for they saw the multitude come together daily for their measure of water, and indeed cast their javelins and
 them, slaying many, were of good hope that the city must soon yield itself. But Josephus, that he might deceive
them, and cast them down from this hope, commanded that they should dip garments in water and hang them over
the walls, so that the water should flow down from them to the ground. And when the Romans saw this, they were
troubled, for they judged that there could be no lack of that which they saw, so to be spent to no purpose.
Then Vespasian, thinking that the place would never yield itself for lack of food and drink, was resolved that
he would set himself forthwith to take it by force of arms. And this was the thing which the Jews chiefly
desired, for it seemed better to them to perish by the sword than to die of hunger and thirst. Also Josephus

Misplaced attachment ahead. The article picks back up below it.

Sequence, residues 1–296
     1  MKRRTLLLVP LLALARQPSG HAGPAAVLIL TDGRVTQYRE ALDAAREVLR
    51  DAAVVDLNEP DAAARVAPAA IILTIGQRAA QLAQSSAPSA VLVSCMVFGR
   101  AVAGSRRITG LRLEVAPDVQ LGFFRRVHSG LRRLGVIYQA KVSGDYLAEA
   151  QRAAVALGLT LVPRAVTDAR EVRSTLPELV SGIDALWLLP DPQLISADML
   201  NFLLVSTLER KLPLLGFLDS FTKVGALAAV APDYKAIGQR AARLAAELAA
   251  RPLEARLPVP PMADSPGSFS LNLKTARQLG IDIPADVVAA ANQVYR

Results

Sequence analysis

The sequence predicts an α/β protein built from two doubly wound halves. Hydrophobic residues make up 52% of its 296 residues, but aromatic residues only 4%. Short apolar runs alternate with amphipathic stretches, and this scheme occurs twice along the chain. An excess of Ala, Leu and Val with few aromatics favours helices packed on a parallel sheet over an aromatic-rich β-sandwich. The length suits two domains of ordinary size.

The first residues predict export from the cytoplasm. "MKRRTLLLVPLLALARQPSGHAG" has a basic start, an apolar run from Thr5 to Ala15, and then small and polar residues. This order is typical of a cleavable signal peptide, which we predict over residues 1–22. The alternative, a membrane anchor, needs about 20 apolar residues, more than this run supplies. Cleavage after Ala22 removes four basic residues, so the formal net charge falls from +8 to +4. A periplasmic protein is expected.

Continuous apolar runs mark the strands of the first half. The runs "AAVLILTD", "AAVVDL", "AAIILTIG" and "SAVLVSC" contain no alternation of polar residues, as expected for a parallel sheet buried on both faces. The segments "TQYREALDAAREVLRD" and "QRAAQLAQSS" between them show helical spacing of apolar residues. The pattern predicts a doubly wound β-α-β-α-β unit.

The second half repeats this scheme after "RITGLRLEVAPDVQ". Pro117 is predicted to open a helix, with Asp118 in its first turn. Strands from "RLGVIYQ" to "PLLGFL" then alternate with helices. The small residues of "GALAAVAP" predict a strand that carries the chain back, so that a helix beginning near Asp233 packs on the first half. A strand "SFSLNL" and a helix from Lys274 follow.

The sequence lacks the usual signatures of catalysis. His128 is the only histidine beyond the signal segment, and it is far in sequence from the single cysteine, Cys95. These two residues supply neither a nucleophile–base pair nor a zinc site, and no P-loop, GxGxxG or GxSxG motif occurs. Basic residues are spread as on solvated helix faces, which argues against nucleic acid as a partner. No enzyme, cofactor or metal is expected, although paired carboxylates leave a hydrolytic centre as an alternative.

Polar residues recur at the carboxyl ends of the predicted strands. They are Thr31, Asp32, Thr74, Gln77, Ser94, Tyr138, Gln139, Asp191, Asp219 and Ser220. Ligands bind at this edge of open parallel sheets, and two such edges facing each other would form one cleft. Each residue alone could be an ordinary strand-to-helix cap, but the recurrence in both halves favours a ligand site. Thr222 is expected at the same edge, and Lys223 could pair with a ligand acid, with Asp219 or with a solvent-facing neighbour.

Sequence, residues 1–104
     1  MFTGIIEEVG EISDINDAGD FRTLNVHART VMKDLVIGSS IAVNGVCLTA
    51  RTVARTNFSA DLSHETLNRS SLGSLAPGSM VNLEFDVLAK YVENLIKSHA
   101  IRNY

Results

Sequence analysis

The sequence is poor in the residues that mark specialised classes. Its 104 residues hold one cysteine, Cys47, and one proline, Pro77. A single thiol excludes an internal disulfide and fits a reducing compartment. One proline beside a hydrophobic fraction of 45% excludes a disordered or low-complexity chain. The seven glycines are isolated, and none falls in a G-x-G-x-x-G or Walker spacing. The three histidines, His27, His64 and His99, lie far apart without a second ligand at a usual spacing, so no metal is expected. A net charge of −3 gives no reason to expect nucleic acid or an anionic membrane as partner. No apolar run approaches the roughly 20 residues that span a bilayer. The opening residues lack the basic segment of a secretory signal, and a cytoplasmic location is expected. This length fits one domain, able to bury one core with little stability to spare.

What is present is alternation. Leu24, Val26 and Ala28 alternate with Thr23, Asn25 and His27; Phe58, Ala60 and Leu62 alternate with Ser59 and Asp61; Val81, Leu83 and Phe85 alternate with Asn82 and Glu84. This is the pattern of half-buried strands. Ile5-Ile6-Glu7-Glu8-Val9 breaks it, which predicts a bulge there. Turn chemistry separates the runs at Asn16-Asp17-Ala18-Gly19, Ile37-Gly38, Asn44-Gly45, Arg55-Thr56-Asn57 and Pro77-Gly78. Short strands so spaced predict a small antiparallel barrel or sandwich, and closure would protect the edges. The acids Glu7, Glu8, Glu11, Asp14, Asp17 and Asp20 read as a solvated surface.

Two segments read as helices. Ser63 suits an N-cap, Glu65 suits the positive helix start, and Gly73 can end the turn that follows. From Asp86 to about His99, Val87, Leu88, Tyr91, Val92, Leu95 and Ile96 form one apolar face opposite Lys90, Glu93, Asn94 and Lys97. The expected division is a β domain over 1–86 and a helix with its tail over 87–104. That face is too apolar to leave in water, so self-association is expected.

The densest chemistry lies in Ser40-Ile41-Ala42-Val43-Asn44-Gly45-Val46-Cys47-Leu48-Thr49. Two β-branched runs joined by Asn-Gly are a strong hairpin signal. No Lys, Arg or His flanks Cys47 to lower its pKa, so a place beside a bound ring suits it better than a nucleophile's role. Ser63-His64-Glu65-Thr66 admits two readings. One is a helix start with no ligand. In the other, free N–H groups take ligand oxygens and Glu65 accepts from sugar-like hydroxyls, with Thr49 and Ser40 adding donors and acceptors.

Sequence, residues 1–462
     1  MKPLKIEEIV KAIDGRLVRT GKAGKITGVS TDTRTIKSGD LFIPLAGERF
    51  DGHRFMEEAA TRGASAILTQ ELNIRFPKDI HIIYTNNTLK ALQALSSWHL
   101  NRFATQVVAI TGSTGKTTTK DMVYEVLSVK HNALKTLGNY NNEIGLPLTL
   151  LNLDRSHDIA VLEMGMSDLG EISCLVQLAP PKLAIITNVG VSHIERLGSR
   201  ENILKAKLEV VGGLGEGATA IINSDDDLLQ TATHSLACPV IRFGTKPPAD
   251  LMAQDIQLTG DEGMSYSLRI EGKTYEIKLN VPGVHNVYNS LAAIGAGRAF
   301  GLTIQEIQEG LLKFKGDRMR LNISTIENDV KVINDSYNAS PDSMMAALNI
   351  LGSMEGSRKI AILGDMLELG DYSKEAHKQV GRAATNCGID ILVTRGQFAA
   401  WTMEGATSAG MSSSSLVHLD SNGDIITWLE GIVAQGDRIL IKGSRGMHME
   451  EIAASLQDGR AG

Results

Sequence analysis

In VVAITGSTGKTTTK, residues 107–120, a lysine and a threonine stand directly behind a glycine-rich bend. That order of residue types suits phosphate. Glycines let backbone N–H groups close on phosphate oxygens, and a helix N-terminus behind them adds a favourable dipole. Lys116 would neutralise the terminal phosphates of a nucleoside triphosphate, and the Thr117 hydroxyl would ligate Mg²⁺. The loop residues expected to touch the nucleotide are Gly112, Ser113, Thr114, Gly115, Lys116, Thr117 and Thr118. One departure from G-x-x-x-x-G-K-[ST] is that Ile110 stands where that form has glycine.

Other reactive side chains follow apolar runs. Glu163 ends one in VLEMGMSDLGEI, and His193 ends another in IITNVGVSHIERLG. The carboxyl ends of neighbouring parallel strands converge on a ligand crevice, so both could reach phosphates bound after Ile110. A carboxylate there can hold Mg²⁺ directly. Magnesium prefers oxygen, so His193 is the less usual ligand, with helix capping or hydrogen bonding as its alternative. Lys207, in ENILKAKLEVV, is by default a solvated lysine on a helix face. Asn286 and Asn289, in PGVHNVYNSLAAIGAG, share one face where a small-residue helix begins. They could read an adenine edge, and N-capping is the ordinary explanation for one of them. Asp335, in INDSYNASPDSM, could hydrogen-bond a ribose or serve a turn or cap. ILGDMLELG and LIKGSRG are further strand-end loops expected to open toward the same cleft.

devised means by which he might hold communication with his friends that were in the cities round about. He
sent letters by a certain path that there was on the western side of the valley, this path being very steep,
and much overgrown, so that it was the less carefully watched; and they that bare the letters crept along the
ground, being covered with skins, so that any that spied them might think they were dogs. And this was done
many times, till the thing was discovered by the guards.
And now Josephus, seeing that there was no hope of escape, took counsel with the chief men of the city,